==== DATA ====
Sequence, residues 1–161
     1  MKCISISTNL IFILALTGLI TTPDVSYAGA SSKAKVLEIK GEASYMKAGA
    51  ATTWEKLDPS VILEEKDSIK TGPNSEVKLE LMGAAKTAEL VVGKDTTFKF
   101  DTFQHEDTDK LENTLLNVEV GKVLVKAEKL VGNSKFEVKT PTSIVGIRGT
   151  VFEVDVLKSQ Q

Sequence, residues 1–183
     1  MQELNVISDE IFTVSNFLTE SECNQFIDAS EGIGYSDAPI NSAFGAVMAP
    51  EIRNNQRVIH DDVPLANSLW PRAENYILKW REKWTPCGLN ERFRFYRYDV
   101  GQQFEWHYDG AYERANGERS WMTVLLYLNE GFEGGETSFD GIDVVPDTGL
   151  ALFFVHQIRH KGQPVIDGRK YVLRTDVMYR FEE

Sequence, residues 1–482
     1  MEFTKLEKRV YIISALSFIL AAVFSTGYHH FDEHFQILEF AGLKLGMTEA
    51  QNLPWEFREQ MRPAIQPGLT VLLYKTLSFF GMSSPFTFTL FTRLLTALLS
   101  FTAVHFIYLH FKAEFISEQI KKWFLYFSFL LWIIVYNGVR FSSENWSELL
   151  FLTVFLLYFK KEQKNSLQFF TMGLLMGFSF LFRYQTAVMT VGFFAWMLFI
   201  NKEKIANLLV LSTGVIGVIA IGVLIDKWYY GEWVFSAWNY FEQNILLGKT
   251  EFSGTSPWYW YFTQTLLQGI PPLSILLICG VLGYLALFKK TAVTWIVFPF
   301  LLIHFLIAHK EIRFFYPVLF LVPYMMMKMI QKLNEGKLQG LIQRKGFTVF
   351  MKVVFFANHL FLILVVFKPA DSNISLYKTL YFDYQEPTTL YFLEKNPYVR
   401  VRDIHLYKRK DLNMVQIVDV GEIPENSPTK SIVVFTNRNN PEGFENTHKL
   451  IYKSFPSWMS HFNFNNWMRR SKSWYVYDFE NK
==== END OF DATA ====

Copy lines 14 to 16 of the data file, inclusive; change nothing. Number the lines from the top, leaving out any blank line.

   101  FTAVHFIYLH FKAEFISEQI KKWFLYFSFL LWIIVYNGVR FSSENWSELL
   151  FLTVFLLYFK KEQKNSLQFF TMGLLMGFSF LFRYQTAVMT VGFFAWMLFI
   201  NKEKIANLLV LSTGVIGVIA IGVLIDKWYY GEWVFSAWNY FEQNILLGKT